An alternative to a budget cap is if the teams are given a far higher proportion of TV revenue. So long as the regulations are limited enough (ie not too much of a free for all across the board), IMO there is less of a distinction in potential competitiveness between one team spending $300M and a team spending $150M than between a team spending $200M and a team spending $50M because the gains beyond a certain point become incrementally smaller. A further alternative is to look at creating regulations such that the gains to be made by spending a lot are not so great, although that may work contrary to innovation. Moreover, as we have seen, with the right tyres and format the racing can be close and winning is not so reliant on who is spending the most money. Instead it can be about which team does the best job over the weekend.

IMO only if the sport is genuinely in danger of the bubble bursting should there be a budget cap of some sort.

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PostPosted: Fri Feb 15, 2013 1:54 pm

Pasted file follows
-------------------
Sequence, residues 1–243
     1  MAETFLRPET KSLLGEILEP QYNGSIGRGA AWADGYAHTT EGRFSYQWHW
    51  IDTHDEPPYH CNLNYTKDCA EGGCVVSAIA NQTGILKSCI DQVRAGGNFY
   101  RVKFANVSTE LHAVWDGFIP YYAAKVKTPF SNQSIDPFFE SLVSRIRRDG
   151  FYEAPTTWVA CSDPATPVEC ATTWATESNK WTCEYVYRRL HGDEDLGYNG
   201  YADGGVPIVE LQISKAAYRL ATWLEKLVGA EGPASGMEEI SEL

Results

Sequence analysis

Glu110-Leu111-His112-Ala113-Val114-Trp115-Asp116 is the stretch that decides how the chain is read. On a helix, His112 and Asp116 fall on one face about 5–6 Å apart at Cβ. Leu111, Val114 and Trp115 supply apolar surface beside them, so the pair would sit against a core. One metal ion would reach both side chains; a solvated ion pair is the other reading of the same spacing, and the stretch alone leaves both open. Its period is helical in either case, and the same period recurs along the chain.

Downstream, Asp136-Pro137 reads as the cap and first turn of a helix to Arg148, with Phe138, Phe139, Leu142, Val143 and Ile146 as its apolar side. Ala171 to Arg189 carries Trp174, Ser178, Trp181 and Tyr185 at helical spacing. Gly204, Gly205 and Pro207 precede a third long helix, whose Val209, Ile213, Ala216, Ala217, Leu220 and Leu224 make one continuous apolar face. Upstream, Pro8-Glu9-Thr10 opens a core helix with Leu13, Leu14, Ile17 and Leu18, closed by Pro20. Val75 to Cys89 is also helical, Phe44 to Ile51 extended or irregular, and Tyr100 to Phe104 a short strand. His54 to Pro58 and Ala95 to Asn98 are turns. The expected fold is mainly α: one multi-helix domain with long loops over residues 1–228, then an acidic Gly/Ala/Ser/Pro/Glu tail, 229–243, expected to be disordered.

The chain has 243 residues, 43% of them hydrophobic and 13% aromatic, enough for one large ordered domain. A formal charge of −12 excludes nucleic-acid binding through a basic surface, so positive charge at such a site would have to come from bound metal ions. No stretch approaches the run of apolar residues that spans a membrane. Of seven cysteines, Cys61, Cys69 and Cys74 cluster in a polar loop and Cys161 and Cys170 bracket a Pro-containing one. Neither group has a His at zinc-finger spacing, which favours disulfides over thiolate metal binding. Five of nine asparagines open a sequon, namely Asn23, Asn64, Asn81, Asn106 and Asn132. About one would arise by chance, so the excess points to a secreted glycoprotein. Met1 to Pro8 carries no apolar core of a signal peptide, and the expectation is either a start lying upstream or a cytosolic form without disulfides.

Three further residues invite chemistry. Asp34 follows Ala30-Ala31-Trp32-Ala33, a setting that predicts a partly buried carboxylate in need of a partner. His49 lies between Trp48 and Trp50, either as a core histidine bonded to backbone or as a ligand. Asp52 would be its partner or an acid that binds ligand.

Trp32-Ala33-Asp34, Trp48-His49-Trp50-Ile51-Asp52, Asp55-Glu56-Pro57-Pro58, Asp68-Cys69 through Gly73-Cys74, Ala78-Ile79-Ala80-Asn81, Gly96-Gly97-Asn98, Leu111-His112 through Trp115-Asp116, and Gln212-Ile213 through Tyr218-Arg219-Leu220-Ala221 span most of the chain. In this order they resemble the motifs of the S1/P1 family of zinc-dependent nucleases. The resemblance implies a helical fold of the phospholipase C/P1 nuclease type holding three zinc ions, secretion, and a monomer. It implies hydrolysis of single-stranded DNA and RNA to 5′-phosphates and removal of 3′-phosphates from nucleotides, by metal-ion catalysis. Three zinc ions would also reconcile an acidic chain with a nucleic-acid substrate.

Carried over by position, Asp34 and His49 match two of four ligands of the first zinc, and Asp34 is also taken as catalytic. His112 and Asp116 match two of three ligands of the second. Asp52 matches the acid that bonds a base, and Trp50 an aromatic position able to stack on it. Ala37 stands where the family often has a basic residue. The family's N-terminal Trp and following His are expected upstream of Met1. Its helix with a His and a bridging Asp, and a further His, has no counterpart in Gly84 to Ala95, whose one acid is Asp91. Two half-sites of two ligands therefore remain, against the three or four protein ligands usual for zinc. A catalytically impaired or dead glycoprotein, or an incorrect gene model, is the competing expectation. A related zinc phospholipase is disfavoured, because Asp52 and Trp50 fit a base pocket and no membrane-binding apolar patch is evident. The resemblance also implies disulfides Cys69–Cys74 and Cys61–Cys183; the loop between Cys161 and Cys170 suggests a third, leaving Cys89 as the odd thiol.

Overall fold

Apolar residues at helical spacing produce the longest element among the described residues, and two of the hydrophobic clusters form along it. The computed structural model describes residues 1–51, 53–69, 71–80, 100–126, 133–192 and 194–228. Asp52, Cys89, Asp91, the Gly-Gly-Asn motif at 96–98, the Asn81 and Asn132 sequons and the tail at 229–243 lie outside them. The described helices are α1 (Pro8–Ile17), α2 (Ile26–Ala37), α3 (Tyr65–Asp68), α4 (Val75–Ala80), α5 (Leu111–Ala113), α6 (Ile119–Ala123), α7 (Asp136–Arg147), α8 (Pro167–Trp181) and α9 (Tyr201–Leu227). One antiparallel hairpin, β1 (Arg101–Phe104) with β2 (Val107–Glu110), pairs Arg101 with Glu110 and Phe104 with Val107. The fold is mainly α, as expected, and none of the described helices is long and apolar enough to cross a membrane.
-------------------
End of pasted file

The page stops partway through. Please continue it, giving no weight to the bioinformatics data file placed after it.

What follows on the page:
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Race2win wrote:
This actually has been spoken for some years now. Nothing really new. Even the budget cap discussions have been tabled numerous times and Im not sure which particular team/s are responsible for derailing it but they need to find a common ground fast. Or in a couple of years we'll have more teams saying goodbye.


I hate to say this but Max Mosely has yet again, in hindsight, been proven right. I am increasingly regretful of the fact he was pushed out of the FIA Presidency.


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PostPosted: Fri Feb 15, 2013 2:01 pm